4 Reasons Why I Chose to Self-Publish My Books

by | 28 Days of Blogging, Self-Publishing, Writing

Hello, Writers!

 

This has got to be one of the most important decisions an aspiring author can make.

 

To self-publish or to not self-publish?

 

Choosing to self-publish is a huge decision to make. It’s a decision you need to make in consideration of the facts, your strengths, and your weaknesses. I have a confession to make. I’m not a huge fan of the words, self-publishing. They fail to describe the real experience of publishing. The words paint a picture of an author who is a lone wolf performing a DIY job.

 

A book isn’t created by one person. It’s created by a team of people. I prefer to use the term “indie publishing” or “independent publishing.” This term describes my attitude towards publishing outside of the traditional publishing world.

 

I’m a creative rebel, and I love to have a say in the other creative aspects of writing a book. To put it more bluntly, I’m a control freak. By now, you’re wondering why I chose to self-publish my books? Before I dive into my reasons, let’s discuss the biggest advantage tradition publishing gives it’s authors.

 

The Biggest Advantage to Traditionally Publishing!

There are a few advantages, to being a traditionally published author. The biggest advantage is, when a publisher chooses your story out of the millions of submissions, it’s almost like a pat on the back. It’s confirmation that your story is worth publishing. Yes, the good old writer ego boost.

 

Traditional publishing gives you a sense of credibility. The only people who will enquire about your publisher, are other traditionally published authors. This is because of how they view and understand the publishing world. Unfortunately, there is a type of snobbery that exists among authors.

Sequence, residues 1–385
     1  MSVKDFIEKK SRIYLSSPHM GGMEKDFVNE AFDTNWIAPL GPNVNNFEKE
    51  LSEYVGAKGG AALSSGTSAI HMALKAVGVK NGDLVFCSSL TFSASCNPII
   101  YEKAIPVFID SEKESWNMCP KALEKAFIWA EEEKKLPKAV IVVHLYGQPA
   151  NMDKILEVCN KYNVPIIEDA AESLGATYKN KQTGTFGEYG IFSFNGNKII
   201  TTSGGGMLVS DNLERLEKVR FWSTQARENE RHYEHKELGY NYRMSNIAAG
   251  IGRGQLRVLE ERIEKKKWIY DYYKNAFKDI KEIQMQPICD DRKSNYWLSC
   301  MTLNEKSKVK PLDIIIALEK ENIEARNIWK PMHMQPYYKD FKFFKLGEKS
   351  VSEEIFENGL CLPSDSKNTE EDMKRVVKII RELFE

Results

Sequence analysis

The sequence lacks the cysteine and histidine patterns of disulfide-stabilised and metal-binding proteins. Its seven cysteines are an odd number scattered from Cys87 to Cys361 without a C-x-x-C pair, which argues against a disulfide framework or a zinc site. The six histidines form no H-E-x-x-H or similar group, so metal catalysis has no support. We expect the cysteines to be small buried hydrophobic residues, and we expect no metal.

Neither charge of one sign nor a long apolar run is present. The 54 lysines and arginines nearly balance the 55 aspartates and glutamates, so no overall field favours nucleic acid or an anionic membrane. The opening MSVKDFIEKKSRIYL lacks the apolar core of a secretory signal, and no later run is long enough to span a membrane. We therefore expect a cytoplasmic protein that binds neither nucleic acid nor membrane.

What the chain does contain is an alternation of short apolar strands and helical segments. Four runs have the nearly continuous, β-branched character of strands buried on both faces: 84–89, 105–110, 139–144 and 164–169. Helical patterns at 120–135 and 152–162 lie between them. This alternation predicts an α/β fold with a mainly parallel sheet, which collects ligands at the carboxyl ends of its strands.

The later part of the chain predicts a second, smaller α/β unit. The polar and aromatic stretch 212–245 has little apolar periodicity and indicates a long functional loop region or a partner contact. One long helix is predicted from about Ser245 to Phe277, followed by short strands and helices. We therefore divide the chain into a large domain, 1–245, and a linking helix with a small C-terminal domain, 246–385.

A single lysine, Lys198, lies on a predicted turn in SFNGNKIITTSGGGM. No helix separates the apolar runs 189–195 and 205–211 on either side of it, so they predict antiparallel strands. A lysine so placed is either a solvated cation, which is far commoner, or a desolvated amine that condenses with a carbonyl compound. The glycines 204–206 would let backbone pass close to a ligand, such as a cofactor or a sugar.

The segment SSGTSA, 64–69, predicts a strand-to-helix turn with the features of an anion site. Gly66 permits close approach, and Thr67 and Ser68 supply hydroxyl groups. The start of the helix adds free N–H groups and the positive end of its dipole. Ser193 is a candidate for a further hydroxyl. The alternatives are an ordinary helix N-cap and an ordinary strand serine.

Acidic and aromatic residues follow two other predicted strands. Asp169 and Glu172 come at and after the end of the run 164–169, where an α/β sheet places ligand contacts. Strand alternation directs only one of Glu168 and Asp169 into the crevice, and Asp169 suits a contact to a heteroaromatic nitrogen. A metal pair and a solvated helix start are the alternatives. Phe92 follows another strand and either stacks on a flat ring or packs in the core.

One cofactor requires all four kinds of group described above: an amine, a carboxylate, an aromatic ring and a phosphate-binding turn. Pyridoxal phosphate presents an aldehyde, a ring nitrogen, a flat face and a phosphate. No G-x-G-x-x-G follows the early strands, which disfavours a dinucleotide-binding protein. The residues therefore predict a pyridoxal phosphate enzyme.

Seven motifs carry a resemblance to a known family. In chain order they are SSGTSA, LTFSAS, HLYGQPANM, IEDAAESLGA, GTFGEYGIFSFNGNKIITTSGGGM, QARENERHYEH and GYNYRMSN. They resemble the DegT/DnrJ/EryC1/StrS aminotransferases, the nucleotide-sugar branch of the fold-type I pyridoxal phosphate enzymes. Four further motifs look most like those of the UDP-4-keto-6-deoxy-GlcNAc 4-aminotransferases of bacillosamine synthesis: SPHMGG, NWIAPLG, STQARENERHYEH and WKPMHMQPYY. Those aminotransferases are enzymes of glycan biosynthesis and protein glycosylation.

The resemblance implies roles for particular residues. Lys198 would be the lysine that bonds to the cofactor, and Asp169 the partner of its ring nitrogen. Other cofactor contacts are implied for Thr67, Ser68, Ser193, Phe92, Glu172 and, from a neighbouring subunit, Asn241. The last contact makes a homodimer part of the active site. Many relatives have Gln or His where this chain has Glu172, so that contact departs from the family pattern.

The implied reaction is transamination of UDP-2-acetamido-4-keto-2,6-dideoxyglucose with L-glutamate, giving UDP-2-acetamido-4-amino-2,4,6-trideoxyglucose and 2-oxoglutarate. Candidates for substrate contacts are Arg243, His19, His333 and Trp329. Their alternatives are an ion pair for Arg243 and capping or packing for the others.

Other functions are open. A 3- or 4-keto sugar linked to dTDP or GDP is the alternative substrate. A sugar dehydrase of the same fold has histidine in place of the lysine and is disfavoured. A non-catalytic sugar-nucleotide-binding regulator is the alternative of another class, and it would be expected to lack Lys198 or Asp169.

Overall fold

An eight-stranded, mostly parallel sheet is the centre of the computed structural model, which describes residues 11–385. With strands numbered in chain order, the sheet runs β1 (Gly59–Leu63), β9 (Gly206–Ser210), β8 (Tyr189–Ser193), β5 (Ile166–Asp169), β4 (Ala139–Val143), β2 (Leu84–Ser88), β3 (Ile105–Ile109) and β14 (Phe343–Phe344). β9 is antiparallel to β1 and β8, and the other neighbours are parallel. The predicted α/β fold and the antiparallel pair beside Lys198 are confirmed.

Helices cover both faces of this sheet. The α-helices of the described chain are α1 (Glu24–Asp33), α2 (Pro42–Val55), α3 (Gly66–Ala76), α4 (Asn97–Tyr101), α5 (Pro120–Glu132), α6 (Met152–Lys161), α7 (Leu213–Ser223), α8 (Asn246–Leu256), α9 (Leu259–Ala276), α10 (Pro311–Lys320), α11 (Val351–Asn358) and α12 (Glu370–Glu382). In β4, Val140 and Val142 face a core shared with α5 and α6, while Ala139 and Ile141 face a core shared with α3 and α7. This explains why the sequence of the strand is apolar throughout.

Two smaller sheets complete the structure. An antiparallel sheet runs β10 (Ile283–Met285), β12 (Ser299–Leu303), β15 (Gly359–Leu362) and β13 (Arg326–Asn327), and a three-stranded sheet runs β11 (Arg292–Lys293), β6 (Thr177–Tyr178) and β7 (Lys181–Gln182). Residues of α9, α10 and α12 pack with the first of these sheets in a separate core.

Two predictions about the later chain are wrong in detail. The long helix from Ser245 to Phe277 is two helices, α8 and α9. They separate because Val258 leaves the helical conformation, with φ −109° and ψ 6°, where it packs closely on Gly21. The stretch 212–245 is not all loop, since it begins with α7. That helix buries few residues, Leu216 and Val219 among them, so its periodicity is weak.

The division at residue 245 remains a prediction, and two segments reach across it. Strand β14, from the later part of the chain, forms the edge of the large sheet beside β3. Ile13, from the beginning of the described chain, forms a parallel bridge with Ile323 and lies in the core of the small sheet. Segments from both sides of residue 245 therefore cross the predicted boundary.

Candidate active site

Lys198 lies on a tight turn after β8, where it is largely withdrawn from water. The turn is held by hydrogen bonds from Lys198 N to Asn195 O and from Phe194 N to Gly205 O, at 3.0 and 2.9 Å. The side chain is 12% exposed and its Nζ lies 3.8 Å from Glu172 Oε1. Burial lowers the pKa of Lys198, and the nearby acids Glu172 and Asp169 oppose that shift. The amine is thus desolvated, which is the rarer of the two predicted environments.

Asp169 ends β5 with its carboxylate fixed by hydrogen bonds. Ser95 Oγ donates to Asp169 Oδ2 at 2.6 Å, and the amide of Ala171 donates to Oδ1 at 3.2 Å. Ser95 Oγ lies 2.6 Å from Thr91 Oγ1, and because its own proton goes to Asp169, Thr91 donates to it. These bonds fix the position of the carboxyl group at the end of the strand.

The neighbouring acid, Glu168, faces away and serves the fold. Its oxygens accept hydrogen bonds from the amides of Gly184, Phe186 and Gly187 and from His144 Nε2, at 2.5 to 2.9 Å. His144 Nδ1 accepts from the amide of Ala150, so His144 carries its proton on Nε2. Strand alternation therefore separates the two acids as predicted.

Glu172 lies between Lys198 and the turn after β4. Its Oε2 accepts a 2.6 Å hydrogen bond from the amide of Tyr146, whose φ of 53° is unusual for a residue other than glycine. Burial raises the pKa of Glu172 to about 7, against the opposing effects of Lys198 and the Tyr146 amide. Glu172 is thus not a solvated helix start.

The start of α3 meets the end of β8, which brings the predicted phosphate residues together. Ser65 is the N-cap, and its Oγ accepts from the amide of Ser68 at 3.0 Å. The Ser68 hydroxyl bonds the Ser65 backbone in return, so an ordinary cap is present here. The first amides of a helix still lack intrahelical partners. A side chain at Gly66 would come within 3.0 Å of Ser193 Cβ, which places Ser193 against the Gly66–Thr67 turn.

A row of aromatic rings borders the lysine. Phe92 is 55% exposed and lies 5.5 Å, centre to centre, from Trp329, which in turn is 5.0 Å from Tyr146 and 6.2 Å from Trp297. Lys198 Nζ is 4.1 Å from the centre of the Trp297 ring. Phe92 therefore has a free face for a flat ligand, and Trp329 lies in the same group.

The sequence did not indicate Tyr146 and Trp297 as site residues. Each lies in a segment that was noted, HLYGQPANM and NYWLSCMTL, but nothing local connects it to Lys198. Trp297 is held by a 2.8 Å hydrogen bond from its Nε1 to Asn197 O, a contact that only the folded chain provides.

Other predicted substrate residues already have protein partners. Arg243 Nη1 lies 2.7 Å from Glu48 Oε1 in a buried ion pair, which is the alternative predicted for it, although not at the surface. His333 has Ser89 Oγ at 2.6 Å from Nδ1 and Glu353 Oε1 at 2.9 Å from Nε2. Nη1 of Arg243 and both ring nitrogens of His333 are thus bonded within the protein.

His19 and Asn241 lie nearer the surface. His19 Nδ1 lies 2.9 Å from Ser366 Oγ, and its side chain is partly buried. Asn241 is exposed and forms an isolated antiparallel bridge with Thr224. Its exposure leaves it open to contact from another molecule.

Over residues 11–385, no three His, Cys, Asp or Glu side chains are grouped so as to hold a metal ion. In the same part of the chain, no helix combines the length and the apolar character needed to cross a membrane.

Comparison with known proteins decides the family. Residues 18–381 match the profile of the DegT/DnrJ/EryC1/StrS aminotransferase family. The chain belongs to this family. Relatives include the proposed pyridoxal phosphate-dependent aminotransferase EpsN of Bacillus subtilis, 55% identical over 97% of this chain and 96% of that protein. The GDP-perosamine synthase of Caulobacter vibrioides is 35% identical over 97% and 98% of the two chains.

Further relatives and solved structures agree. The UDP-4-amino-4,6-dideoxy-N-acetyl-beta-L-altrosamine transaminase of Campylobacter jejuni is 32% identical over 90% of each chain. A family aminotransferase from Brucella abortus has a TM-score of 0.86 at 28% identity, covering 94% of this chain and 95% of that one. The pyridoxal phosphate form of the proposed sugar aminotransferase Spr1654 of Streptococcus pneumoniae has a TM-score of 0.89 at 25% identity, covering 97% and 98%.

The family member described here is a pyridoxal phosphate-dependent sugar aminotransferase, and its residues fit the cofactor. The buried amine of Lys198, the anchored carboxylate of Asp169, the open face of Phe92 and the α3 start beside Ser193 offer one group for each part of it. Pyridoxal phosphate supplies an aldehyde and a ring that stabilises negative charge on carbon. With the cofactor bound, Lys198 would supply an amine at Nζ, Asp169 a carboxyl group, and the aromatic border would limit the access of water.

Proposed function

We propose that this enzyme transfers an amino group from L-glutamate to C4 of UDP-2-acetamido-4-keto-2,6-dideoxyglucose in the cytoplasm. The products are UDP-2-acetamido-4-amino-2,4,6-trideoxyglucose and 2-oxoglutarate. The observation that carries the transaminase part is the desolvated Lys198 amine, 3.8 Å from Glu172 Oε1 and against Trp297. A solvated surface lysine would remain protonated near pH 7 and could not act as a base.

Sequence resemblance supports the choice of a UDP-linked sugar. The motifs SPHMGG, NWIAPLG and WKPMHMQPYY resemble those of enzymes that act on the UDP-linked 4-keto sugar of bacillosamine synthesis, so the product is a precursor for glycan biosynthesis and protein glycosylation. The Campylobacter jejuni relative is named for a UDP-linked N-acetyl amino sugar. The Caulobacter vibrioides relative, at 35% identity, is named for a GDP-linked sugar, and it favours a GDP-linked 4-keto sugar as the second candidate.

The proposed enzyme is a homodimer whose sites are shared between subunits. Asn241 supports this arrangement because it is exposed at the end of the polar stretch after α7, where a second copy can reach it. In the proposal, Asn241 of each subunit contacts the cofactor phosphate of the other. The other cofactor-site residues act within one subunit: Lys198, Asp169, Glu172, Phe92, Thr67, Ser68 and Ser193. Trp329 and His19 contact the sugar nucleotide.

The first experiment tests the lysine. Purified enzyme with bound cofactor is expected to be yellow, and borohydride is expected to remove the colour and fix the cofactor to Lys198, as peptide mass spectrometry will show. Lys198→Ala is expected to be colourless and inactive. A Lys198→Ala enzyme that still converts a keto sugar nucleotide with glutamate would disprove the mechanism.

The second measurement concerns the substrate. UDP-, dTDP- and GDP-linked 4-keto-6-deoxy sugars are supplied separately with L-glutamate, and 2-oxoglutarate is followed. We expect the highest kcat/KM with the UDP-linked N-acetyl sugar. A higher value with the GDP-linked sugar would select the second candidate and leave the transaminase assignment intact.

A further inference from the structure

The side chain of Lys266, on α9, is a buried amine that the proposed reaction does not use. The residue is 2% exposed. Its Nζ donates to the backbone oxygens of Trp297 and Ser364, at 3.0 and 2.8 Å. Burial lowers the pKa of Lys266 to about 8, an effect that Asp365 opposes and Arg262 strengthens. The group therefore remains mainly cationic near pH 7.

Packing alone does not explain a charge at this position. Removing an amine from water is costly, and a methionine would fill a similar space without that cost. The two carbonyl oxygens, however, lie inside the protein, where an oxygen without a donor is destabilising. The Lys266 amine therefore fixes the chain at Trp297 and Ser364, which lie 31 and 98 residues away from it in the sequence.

Picture this scenario.

 

You’re at the London Book Fair with your published book, hoping to network with other authors. Your book is well edited and it has a great cover design. And, you’ve got 25 good and honest reviews on Amazon, and you’ve made it into the top 100 in your genre. Another author approaches you and asks, “so who’s your publisher?” And you reply, “I’m self-published.”

 

Cue awkward silence.

 

A reader will never ask you this question. They’re more interested in the genre and the story. Reading is a form of escapism or a tool for learning. People have become accustomed to buying from independent retailers like notonthehighstreet.com. They watch indie films and listen to indie music.

 

You get the picture.

Quality is Key

Choosing to self-publish doesn’t mean you have to skimp on quality. Some self-published authors have made it difficult for readers to tell how they published their books. The lines between independent and traditional options have become blurred. Independent publishing is no longer synonymous with poor quality. Although, there are books on the various online stores that need improvement. Independent authors now have access to the same services and tools that traditional publishing houses use and can create better quality books.